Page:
John Loftus proposes that religious insiders should test their own religious beliefs with the outsider test. He recently presented this argument to the Evangelical Philosophical Society, which is a brave deed. I’m amazed he got out alive.
What is the outsider test? It’ll take you 13 paragraphs to get to it, so I’ll highlight it for you:
The outsider test is simply a challenge to test one’s own religious faith with the presumption of skepticism, as an outsider. It calls upon believers to “Test or examine your religious beliefs as if you were outsiders with the same presumption of skepticism you use to test or examine other religious beliefs.”
Its presumption is that when examining any set of religious beliefs skepticism is warranted, since the odds are good that the particular set of religious beliefs you have adopted is wrong.
This is how religious people evaluate other religions. It’s why they think they are all absurd — well, all except for their own.
When we are on the outside of a religion, we see its errors and absurdities as obvious proof of its falsehood. But when we are on the inside, we attribute those same errors and absurdities — if we admit them at all — to our own limitations.
Here is the challenge of the outside test to Christians:
To the Christian theist the challenge of the outsider test means there would be no more quoting the Bible to defend the claim that Jesus’ death on the cross saves us from sins. The Christian theist must now try to rationally explain it. No more quoting the Bible to show how it’s possible for Jesus to be 100% God and 100% man with nothing left over. The Christian theist must now try to make sense of this claim, coming as it does from an ancient superstitious people who didn’t have trouble believing Paul and Barnabas were “gods in human form” (Acts 14:11; 28:6).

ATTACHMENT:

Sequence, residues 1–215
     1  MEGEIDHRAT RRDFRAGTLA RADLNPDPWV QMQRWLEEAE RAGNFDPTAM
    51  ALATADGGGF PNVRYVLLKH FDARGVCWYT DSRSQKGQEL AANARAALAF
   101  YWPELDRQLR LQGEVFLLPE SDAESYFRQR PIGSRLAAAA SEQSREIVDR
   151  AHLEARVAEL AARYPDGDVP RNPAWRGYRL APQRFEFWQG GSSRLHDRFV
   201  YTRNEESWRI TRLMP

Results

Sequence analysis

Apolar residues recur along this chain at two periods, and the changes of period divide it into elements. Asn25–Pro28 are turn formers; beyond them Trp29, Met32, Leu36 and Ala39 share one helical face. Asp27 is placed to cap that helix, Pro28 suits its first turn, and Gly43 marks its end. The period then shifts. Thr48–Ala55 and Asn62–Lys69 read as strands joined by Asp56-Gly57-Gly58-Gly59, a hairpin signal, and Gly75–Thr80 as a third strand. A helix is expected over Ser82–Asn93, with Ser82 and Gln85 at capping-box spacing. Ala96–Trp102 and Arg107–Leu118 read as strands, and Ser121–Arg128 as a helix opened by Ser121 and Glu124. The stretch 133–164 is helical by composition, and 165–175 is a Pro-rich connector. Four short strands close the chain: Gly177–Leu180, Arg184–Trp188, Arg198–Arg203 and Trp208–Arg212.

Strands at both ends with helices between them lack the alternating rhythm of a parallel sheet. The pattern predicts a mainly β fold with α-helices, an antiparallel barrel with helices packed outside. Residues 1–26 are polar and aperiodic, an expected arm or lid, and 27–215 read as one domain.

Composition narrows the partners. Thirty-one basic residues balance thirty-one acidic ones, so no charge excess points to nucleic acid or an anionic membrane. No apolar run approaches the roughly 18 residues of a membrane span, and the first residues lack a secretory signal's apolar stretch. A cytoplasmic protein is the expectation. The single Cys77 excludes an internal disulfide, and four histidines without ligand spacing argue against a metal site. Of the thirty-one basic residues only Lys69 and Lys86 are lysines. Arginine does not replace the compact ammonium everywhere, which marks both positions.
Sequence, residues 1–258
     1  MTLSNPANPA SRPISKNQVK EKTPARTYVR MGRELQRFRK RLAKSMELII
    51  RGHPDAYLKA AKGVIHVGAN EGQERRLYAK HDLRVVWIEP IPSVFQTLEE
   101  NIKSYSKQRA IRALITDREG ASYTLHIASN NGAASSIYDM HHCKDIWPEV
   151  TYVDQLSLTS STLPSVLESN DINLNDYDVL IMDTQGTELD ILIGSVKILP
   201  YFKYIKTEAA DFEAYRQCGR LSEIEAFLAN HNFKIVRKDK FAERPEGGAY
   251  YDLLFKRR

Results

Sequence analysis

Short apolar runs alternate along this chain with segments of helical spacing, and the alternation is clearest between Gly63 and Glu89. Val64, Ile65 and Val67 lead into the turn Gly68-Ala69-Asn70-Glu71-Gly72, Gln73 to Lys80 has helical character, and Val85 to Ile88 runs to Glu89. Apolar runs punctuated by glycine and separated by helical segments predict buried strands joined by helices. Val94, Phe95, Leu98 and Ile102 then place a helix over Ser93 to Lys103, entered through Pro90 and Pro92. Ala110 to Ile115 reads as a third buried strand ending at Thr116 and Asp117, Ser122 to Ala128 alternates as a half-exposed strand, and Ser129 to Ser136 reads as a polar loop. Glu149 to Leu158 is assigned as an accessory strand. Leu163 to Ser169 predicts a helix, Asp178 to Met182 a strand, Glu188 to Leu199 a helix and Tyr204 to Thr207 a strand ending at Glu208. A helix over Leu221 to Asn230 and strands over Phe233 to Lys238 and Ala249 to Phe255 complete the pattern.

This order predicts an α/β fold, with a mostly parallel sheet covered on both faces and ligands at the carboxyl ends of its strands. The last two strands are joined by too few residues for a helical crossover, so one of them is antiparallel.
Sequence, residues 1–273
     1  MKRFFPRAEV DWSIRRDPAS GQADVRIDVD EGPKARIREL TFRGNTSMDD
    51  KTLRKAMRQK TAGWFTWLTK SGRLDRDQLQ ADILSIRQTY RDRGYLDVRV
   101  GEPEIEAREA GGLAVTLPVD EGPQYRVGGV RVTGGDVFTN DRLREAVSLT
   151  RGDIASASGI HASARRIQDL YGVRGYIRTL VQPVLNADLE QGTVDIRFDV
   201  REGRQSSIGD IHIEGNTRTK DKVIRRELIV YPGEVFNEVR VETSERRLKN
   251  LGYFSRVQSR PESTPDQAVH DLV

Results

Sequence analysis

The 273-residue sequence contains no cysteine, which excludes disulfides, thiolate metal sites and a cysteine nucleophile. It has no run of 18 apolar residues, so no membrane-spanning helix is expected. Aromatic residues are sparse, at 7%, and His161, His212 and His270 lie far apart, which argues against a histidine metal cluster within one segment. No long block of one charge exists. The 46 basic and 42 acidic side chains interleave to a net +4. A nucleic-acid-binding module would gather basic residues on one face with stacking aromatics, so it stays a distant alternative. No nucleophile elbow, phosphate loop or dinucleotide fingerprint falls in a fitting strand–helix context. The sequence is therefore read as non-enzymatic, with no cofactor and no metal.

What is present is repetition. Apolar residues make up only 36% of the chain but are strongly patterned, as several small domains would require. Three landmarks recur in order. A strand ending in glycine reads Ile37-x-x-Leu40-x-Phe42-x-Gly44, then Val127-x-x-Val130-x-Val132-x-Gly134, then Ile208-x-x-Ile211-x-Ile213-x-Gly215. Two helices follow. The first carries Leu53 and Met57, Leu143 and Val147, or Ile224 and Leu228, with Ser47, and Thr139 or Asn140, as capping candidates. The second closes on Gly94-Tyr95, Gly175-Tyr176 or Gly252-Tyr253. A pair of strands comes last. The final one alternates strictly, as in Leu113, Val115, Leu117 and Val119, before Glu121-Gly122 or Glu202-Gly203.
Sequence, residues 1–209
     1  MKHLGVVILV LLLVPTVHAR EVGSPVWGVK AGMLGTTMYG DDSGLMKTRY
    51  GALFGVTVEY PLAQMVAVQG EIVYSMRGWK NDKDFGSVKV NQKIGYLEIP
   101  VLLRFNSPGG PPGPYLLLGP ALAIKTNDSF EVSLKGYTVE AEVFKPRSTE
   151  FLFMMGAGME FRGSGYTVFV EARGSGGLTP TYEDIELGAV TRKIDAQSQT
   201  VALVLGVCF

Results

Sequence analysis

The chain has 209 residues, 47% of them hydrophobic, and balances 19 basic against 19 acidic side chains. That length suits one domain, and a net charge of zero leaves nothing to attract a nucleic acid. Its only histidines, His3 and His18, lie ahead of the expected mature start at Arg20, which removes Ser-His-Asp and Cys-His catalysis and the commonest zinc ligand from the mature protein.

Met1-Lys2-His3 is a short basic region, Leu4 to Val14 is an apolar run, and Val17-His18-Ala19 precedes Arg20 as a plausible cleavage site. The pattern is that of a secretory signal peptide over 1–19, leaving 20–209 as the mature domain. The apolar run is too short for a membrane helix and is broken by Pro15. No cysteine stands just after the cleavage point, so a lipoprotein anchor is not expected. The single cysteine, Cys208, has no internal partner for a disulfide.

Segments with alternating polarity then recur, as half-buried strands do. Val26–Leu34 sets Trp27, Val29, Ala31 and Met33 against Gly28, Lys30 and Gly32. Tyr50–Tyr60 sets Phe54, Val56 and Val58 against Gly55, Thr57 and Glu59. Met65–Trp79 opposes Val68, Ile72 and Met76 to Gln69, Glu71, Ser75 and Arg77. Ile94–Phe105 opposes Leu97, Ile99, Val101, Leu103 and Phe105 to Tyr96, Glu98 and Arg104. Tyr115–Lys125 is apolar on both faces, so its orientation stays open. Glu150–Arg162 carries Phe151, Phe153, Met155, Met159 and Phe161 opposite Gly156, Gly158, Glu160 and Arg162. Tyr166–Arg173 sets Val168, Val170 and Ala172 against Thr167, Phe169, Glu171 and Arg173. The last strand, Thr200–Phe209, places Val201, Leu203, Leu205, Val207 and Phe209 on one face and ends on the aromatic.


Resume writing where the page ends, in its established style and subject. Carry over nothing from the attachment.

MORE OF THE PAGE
The Christian theist must not assume prior to examining the evidence that there is an answer to the problem of horrendous suffering in our world either. And she’d be initially skeptical of believing in any of the miracles in the Bible, just as she would be skeptical of any claims of the miraculous in today’s world supporting other religious faiths.
Why? Because she cannot start out by first believing the Bible, nor can she trust the people close to her who are Christian theists to know the truth, nor can she trust her own anecdotal religious experiences, since such experiences are had by people of all religious faiths who differ about the cognitive content learned as the result of these experiences. She would want evidence and reasons for these beliefs.
Christian, just ask yourself whether the initial reasons you had for adopting your faith were strong ones. Just think about the problems you’ve experienced in your churches along with the intellectual problems you wrestle with in meetings like these. If you could go back in time knowing what you know now about how Christians behave in the church would you still choose to believe? And those initial arguments that convinced you to believe would surely be thought of by you as simplistic and unworthy of your consideration today. Just ask yourself if you would’ve become a Mormon instead, had a joyous friendly Mormon group approached you at that same vulnerable time in your life.
Most all of us, most all of the time, do not have good initial reasons to accept our religious faith, which from that time forward acts like a set of blinders with regard to how we see the evidence. We just end up believing what we were taught to believe by people we trust in a Christian dominated culture.
If more people were willing to honestly submit themselves to the outsider test, I think our debates and conversations would be far more intelligent and productive. Don’t you?